The author is an analyst of NH Investment & Securities. He can be reached at firstname.lastname@example.org. -- Ed.
Satrec’s share price has plunged 46% from its previous high. But, we point out that the firm’s earnings are insulated from Covid-19 effects. We foresee 2020E sales growth of 23% y-y on an increased order backlog.
Sharp earnings uptrend to kick off from 1Q20
Even though the impact of the Covid-19 outbreak on Satrec Initiative (Satrec)’s earnings is to be limited, its share price has plunged 46% from its previous high. As its major customers in the electro-optical satellite market are domestic and overseas governments and the military, Satrec Initiative’s work projects are performed under annual budget and project schedules, an advantage which insulates its earnings from global economic slowdown effects. Thus, there is little risk of delays in delivery of ordered products, and slated overseas bidding in May and October is expected to proceed normally.
As of end-2019, Satrec’s order backlog amped up to W166.0bn (+192% y-y), backed by expanding product lineups through cutting-edge technological advancements. As the company recognizes sales based on cost input, sales are expected to start climbing from 1Q20—we forecast full-year 2020 sales of W86.4bn (+23% y-y) and OP of W11.6bn (+26% y-y).
Offers strong valuation merit versus global space players
Satrec Initiative is Korea’s representative satellite player. Growing alongside the domestic space industry, it is capable of direct development and manufacturing of satellite systems. In the global arena, the firm competes with Airbus (France) and Thales (Italy). Boasting global technological competitiveness, its overseas orders are rising. Satrec is benchmarking global satellite companies, including expanding its satellite-related businesses via subsidiary SIIS (satellite image sales) and SIA (aviation data analysis).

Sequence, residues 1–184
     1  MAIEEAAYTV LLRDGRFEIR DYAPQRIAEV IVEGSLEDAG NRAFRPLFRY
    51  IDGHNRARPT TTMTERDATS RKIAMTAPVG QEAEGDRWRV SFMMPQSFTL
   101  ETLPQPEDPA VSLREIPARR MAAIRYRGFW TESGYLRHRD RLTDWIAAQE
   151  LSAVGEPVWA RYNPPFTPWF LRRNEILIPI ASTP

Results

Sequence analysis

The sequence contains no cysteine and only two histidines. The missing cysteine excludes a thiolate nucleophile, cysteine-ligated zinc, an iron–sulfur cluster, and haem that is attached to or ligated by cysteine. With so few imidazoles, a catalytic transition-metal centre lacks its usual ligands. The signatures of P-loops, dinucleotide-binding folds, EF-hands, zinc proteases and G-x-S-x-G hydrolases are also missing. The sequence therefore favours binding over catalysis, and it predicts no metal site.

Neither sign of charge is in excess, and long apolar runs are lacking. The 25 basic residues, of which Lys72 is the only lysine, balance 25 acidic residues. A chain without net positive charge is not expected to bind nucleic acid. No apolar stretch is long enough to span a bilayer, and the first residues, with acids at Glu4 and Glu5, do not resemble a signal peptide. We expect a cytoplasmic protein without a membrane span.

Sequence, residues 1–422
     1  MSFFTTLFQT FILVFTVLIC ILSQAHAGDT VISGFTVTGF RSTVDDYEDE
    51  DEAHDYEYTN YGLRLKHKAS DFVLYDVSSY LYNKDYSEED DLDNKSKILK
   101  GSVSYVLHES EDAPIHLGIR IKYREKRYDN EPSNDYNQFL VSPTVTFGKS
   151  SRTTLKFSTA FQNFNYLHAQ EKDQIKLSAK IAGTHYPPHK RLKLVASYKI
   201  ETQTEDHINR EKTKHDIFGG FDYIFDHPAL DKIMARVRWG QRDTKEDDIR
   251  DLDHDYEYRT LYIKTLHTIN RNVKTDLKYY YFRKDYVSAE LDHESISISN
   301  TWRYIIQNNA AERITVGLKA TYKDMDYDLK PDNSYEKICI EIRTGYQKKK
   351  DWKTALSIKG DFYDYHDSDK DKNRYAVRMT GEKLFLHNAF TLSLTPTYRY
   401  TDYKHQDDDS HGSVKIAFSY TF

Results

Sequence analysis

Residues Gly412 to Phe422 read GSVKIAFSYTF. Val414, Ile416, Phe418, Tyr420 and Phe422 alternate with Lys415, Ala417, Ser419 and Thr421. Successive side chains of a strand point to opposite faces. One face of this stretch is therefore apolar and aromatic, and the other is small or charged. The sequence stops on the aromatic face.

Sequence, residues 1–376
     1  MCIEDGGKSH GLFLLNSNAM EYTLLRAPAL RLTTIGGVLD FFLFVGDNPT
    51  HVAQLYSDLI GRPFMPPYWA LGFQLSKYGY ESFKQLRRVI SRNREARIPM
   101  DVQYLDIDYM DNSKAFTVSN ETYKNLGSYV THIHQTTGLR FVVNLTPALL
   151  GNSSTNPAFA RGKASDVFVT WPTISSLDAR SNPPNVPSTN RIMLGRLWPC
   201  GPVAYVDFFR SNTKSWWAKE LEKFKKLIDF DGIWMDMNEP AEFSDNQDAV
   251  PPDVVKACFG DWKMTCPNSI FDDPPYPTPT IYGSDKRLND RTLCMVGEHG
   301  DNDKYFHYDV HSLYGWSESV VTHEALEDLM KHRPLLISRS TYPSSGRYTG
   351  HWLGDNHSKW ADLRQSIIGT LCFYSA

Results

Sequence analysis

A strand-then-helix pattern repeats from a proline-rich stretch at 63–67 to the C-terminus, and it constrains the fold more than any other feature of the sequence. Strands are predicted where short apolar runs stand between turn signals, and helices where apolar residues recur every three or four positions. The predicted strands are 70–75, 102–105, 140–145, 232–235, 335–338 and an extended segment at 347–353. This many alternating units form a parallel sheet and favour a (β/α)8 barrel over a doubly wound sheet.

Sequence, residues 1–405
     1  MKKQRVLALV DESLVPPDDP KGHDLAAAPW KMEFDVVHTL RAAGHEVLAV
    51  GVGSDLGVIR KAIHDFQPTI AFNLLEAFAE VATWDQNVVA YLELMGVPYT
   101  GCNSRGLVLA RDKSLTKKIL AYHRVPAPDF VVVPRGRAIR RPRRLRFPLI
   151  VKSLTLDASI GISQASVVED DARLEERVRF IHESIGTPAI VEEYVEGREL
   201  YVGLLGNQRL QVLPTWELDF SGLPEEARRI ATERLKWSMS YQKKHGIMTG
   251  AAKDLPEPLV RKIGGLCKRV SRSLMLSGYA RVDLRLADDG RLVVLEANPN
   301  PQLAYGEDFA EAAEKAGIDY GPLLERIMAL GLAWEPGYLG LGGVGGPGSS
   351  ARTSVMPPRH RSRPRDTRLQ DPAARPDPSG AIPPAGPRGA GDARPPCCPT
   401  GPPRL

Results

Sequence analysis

Satrec’s shares are currently trading at a 2020E P/E of 11.8x and an EV/EBITDA of 2.9x. Weighed upon by both high research and development expenditure and increased depreciation costs (due to the owning of their own satellites), most overseas space-related players now find themselves in operating loss situations or are trading at high valuations. Noting that the average EV/EBITDA for its overseas peers is 11.6x, we view Satrec’s shares as being significantly undervalued. With the global space industry increasingly driven by private sector-oriented commercial markets (rather than only by government and military projects), greater investment is being directed towards space-related firms. Given this backdrop, demand for Satrec’s electro-optical (EO) satellites should continue to expand going forward, translating into valuation re-rating.